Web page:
Friday, June 29, 2007

Pet Warning for Dog Owners

Sir Spot


Dear Friends,

I found this Serious Warning on my sweet blogging friend Green Eyed Girl . If any of you have dogs this is real important.
On a funny note I had visitors here before for my dog training hints...um ok my husband was rolling on the floor with that google search!My animals are very spoiled.

The following is serious:

I received this in an email today and had to post it. I have never heard of this before. Please read and pass on to all your friends.

Written by:
Laurinda Morris, DVM
Danville Veterinary Clinic
Danville , Ohio

This week I had the first case in history of raisin toxicity ever seen at MedVet. My patient was a 56-pound, 5 yr old male neutered lab mix that ate half a canister of raisins sometime between 7:30 AM and 4:30 PM on Tuesday. He started with vomiting, diarrhea and shaking about 1AM on Wednesday but the owner didn't call my emergency service until 7AM.

I had heard somewhere about raisins AND grapes causing acute Renal failure but hadn't seen any formal paper on the subject. We had her bring the dog in immediately. In the meantime, I called the ER service at MedVet, and the doctor there was like me - had heard something about it, but.... Anyway, we contacted the ASPCA National Animal Poison Control Center and they said to give IV fluids at 1 ½ times maintenance and watch the kidney values for the next 48-72 hours.

The dog's BUN (blood urea nitrogen level) was already at 32 (normal less than 27) and creatinine over 5 ( 1.9 is the high end of normal). Both are monitors of kidney
function in the bloodstream. We placed an IV catheter and started the fluids. Rechecked the renal values at 5 PM and the BUN was over 40 and creatinine over 7 with no urine production after a liter of fluids. At the point I felt the dog was in acute renal failure and sent him on to MedVet for a urinary catheter to monitor urine output overnight as well as overnight care.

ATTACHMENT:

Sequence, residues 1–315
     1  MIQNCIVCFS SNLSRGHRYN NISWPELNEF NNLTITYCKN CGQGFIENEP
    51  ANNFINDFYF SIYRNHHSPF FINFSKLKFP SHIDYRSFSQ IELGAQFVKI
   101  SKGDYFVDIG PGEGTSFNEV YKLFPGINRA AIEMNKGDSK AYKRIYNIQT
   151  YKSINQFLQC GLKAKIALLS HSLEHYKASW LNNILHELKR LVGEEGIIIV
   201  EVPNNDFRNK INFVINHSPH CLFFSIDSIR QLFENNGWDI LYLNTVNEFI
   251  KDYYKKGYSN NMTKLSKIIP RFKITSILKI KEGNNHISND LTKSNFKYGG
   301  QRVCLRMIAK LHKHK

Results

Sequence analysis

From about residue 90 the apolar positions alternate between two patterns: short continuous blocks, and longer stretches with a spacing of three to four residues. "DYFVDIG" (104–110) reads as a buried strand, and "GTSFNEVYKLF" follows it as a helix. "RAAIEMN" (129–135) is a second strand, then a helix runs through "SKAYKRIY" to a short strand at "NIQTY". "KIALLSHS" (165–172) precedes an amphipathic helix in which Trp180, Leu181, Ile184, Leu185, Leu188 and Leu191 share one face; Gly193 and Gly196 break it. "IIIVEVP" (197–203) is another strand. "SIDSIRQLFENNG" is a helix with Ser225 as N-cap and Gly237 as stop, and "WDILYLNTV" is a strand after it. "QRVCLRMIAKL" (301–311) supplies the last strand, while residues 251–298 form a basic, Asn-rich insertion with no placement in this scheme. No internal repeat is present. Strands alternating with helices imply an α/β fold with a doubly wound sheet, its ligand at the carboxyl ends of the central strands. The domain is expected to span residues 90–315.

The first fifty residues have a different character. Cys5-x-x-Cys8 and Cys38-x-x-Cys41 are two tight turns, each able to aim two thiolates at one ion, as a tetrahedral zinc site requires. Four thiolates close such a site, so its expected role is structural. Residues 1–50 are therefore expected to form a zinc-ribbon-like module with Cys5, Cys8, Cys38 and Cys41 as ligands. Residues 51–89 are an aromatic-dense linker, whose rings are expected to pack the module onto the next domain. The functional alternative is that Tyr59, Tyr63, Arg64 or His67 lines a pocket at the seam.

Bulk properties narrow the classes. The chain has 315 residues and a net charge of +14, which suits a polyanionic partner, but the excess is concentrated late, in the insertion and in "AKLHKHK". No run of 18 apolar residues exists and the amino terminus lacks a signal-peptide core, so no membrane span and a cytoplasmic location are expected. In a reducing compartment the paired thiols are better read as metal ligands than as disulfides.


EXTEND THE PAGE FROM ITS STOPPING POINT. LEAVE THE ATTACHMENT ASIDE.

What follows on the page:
He started vomiting again overnight at MedVet and his renal values have continued to incr ease daily. He produced urine when given lasix as a diuretic. He was on 3 different anti-vomiting medications and they still couldn't control his vomiting. Today his urine output decreased again, his BUN was over 120, his creatinine was at 10, his phosphorus was very elevated and his blood pressure, which had been staying around 150, skyrocketed to 220.. He continued to vomit and the owners elected to
euthanize.

This is a very sad case - great dog, great owners who had no idea raisins could be a toxin. Please alert everyone you know who has a dog of this very serious risk. Poison control said as few as 7 raisins or grapes could be toxic. Many people I know give their dogs grapes or raisins as treats including our ex-handler's. Any exposure should give rise to immediate concern.

Laurinda Morris, DVM
Danville Veterinary Clinic
Danville , Ohio

Ev en if you don't have a dog, you might have friends who do. This is worth passing on to them.

YOU can check the accuracy of this information at: http://www.snopes.com

5 Gracious friends said:

Denise said...

Thanks for sharing this.

Nise' said...

I heard this a while back and wondered if I had a super dog! Let me tell you, our beloved Bailey ate everything under the sun: the kids chocolate filled easter baskets, a package of grapes, loaves of bread, anything that was not tied down! We even had to re-install baby locks on the cupboards, cause she could get them open! She was NEVER bothered by what she ate!

Pearls of Wisdom said...

Thanks Denise! Love you!

Pearls of Wisdom said...

Nise ,

I know I had one dog that could literally eat anything including all my homemade cookies at Christmas when I was at Church...

Hugs,

Angel ():)

Breanna said...

Interesting to know.